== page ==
Now, Eurogamer's tech-minded Digital Foundry has examined Microsoft's claim to see how feasible it really is. DF notes that it all boils down to latency and bandwidth. Bandwidth is a particularly sticky issue, as current transfer speeds aren't even close to what consoles can achieve on local hardware, ruling out any possibility for real-time calculations in the cloud. There are some less intensive possibilities though, including Microsoft's own example of lighting. DF notes, however, that such lighting would be slow to update, making it best suited for things like time of day changes.
Other possibilities include things like NPC AI for games with large worlds. "Cloud computing could run world simulation and just update the player's local world over time, allowing the world to live and respond to player actions," writes DF, though it would be limited to certain types of games (like The Elder Scrolls or Grand Theft Auto).
DF concludes that Microsoft's message about Xbox One's cloud capabilities is still vague, and that there's no clear incentive for third-party developers to utilize it when developing multiplatform games. Digital Foundry acknowledges the potential for "less exciting, though certainly valuable" possibilities, mostly for multiplayer games, but believes Microsoft will have to "prove its position with strong ideas and practical demonstrations."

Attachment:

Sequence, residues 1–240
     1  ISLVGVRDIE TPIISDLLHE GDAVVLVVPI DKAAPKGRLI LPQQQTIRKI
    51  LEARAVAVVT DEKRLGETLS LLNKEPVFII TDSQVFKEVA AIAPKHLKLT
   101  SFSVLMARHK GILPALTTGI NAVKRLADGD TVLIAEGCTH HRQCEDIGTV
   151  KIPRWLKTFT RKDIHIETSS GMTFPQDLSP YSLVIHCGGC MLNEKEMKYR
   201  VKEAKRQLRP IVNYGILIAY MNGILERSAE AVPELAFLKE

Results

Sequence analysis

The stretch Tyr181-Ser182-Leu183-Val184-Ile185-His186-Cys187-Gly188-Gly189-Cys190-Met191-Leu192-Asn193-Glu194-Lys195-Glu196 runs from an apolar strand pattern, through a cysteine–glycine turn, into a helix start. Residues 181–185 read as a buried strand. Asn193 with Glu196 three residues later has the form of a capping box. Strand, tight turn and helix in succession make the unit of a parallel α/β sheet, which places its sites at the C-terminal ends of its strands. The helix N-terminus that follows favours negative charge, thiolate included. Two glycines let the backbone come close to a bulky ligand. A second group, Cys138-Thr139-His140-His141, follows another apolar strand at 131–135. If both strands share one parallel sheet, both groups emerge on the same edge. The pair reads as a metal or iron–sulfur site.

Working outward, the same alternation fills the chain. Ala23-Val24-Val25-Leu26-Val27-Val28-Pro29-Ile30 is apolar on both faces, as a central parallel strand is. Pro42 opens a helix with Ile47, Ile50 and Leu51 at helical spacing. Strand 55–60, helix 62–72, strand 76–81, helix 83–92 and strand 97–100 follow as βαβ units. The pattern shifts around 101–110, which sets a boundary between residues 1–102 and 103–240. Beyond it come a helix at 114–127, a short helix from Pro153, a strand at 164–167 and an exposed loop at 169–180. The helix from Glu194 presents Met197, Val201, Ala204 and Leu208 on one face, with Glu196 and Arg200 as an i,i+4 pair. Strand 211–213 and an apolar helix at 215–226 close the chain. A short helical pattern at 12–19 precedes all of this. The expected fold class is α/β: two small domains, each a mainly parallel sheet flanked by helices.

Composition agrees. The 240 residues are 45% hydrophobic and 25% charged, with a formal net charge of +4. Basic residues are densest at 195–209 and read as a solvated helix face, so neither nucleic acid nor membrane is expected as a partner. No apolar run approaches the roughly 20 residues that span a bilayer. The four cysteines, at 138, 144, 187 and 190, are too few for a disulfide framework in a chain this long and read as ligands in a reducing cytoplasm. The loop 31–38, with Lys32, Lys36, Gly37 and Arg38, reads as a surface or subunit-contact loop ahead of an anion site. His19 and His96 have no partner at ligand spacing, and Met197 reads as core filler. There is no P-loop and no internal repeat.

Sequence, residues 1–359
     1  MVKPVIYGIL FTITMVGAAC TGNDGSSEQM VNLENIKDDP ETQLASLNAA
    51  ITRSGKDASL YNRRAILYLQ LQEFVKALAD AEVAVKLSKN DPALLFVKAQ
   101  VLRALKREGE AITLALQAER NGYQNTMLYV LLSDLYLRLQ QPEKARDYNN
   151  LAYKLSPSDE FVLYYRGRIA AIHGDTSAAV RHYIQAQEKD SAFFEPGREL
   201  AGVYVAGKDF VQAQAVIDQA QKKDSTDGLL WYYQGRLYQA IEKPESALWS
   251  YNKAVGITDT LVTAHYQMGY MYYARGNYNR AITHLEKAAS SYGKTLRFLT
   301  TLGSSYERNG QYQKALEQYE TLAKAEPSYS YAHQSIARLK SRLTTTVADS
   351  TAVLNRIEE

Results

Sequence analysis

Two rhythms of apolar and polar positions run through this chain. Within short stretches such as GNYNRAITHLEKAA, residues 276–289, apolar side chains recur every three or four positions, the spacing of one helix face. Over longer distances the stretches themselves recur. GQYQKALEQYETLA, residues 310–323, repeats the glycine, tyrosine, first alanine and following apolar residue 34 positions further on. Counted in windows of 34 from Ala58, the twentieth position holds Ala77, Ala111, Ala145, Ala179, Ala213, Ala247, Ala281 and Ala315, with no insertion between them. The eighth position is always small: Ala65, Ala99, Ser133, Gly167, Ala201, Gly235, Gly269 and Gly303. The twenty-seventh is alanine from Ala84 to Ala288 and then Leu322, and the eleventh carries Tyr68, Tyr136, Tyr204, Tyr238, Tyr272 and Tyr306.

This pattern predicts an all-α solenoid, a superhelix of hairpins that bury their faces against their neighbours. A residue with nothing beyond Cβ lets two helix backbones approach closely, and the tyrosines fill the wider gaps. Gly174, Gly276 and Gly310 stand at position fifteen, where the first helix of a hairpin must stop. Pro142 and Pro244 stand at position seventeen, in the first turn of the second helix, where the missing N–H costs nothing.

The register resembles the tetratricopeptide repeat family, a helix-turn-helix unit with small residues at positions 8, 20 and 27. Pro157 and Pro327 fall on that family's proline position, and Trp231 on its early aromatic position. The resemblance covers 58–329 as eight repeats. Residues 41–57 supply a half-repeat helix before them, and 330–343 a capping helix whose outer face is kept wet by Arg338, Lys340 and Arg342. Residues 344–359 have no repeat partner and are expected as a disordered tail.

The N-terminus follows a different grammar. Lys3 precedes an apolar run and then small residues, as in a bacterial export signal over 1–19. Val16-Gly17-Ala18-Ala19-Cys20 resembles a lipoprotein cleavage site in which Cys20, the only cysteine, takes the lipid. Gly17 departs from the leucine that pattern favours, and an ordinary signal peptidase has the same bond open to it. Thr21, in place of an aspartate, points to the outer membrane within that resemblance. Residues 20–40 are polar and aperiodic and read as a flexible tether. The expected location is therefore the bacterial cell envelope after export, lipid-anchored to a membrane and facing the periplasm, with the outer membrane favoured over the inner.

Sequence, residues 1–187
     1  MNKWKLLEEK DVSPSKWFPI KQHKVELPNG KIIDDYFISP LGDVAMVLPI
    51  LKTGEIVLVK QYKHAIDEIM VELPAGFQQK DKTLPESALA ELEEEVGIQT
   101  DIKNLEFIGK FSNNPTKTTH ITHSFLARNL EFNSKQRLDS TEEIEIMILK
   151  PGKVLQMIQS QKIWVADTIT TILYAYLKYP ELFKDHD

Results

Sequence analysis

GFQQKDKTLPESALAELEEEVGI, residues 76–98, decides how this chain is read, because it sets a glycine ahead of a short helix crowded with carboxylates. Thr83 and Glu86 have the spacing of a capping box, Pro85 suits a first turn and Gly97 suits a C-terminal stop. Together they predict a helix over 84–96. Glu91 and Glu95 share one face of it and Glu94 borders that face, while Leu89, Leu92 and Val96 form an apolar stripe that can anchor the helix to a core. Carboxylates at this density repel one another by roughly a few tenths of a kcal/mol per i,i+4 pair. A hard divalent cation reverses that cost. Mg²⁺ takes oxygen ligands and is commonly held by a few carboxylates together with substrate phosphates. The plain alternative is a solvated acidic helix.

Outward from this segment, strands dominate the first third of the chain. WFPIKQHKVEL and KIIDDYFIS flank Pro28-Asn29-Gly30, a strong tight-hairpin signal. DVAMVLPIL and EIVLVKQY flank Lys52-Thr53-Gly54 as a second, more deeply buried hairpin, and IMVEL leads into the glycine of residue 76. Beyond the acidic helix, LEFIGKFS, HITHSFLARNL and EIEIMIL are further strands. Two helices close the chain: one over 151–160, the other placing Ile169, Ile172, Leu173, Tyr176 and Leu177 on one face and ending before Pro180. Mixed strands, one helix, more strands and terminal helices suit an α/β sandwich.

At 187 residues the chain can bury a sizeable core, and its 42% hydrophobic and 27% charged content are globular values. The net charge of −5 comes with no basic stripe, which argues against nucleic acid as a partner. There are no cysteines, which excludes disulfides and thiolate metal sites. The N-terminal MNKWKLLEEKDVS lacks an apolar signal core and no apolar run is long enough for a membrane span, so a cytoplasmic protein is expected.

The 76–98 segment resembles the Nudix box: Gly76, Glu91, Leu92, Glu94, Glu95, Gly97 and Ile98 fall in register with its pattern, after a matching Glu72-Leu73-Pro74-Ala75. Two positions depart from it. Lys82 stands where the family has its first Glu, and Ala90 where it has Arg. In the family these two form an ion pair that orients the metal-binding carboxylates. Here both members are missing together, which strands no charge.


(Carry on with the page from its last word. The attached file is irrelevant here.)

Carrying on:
- Key specs
- Reviews • 90
- Game format Optical disc, Downloadable
- Online features Multiplayer, Voice chat, Video chat, Store, Browser
- Drive capacity 500 GB
- Controller type Wired, Wireless
- Motion controls Camera / optical
- Video outputs HDMI
- Released 2013-11-22